For instance: “Squirrel Nutkin woke up early one morning and his mother had made him a bowl of oatmeal. And after they ate their oatmeal, they washed the dishes together and took a walk to the park…” and so on, reviewing what the child had to eat that day, who they saw, what activities they did.

So, if you need more ideas, one of my favorite books, and we offer it at Bella Luna Toys, is called Storytelling with Children, written by Nancy Mellon. Nancy is a master storyteller who has taught teachers and given workshops, and it’s full of great ideas.

And stories don’t have to just be told. They can also be told as a puppet play with little figures. Nancy gives lots of ideas in this wonderful book.

So I really encourage you to start, if you don’t already, making up stories. You can also memorize a story, like a fairy tale, and try telling it by heart. I like saying “telling it by heart” rather that “memorizing.” It just is warmer.

A fairy tale you know well, like “Goldilocks and the Three Bears” or “Little Red Riding Hood.” You know what happens in the story! Tell it in your own words and when your child makes that eye contact with you and has that heart-to-heart connection, they will just warm right up, and you’ll enjoy it, too.

So, leave a comment! Let me know if storytelling something you do regularly. If not, and you decide to give it a try, let me know how it goes. Let me know if you have any questions. Happy storytelling! See you next time.

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Book referenced in video: Storytelling with Children by Nancy Mellon

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Archives, bella luna toys, Childhood, Education, Homeschooling, Parenting, Play, Reading, Rhythm, Sarah's Silks, Storytelling, Sunday With Sarah, Waldorf Education, Waldorf Homeschooling, Waldorf Toys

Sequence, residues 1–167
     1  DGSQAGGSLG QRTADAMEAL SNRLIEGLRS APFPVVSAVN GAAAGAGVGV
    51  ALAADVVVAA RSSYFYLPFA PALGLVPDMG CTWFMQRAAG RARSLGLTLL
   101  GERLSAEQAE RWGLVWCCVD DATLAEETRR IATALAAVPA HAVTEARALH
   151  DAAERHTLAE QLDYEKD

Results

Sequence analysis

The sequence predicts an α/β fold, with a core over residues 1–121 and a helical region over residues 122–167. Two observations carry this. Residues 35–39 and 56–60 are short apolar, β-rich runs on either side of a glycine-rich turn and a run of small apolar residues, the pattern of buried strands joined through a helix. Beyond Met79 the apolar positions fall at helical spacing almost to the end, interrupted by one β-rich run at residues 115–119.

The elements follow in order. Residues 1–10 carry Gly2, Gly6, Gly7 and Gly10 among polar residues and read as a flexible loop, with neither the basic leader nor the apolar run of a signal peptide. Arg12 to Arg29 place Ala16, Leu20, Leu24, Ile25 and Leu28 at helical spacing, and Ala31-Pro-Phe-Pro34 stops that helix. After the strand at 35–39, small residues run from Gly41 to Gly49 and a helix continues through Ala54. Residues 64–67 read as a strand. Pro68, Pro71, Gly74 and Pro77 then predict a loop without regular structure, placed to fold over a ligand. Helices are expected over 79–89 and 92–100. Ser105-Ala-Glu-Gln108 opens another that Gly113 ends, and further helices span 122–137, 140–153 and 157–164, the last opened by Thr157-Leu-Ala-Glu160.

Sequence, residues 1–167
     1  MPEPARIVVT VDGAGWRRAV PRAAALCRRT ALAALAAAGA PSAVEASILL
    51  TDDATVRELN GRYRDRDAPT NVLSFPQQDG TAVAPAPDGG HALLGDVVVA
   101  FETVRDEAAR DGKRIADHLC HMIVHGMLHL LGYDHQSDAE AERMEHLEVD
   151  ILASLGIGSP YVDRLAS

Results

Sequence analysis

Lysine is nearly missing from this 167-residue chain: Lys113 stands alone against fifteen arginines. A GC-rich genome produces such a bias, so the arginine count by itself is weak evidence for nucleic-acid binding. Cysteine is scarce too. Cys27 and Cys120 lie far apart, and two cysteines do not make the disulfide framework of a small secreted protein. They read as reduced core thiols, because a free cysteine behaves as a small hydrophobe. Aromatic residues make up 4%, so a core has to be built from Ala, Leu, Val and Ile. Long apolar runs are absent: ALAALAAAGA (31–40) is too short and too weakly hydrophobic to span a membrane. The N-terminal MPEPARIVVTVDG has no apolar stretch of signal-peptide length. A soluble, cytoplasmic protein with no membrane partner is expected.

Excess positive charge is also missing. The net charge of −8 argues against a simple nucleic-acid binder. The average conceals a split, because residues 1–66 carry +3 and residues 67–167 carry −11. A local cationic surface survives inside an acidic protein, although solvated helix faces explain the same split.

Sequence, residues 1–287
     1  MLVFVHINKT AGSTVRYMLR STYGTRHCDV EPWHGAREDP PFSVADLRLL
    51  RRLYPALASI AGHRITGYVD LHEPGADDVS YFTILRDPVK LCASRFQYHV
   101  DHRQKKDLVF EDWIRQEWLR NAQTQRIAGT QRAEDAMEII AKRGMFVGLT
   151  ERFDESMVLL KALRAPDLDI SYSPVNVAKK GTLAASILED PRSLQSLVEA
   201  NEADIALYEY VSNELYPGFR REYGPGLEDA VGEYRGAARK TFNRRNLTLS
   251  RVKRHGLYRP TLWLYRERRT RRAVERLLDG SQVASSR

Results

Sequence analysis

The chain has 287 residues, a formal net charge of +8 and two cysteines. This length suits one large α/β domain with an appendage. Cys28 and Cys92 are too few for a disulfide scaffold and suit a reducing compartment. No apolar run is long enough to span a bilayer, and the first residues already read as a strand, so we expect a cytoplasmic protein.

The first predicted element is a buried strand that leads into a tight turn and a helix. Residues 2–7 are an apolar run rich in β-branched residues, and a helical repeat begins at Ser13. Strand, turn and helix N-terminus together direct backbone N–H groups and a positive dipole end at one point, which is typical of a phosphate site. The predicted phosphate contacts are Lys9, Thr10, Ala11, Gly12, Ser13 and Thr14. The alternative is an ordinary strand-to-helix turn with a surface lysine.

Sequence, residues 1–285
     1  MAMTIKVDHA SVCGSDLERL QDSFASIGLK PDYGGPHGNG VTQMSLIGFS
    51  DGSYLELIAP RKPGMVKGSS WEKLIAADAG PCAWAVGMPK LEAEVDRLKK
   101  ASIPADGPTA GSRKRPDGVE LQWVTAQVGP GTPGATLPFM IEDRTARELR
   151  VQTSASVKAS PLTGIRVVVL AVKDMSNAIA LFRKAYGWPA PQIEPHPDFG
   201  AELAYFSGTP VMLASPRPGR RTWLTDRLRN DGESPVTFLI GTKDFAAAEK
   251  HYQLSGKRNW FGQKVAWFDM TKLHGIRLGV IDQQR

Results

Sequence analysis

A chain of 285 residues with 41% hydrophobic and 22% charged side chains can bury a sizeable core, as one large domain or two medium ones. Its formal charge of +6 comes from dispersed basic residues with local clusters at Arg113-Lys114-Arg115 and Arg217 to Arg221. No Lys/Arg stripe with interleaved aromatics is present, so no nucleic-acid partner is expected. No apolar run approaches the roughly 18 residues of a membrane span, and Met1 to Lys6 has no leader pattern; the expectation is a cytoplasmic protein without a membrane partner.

Sunday With Sarah LIVE

Sarah Baldwin, M.S.Ed., Waldorf teacher, author, and owner of Bella Luna Toys, answers viewers’ questions on:

  • Boys and Gun Play
  • Waldorf Education
  • Learning to Read
  • Resources for Puppet Plays
  • Parenting

and more in this one-hour Facebook Live event (recorded July 31, 2016).

Note: The Sarah’s Silks giveaway mentioned in the video has ended.

0:00    Welcome and Introduction

0:45     Be sure to Like Bella Luna Toys on Facebook. Then hover on the “Liked” button and choose “See First” to be sure not to miss my posts.

3:24     Boys and Gun Play

14:56   Is a Waldorf school appropriate for a child on the autism spectrum?

18:32   What is the difference between Waldorf education and Montessori education?

25:48   How do I respond to a four-year-old who is showing an interest in letters and reading?

31:19    How can I incorporate Waldorf elements, like “rhythm,” into my Montessori classroom?

35:05   How should I go about introducing Waldorf homeschooling to my 6-year-old and 4-year-old?

38:31   What ages does Waldorf education cover? What about homeschooling through middle school and high school?

43:34   What toys would you recommend for a 6-month old girl?

48:47   What components would you feel are essential in a 3-year-old’s home and school environment?

51:58    What resources would you recommend for puppet plays for 3- to 6-year-olds?

57:14    Thank you so much for joining me for this first live event! I’d welcome your feedback and hope you’ll join me again!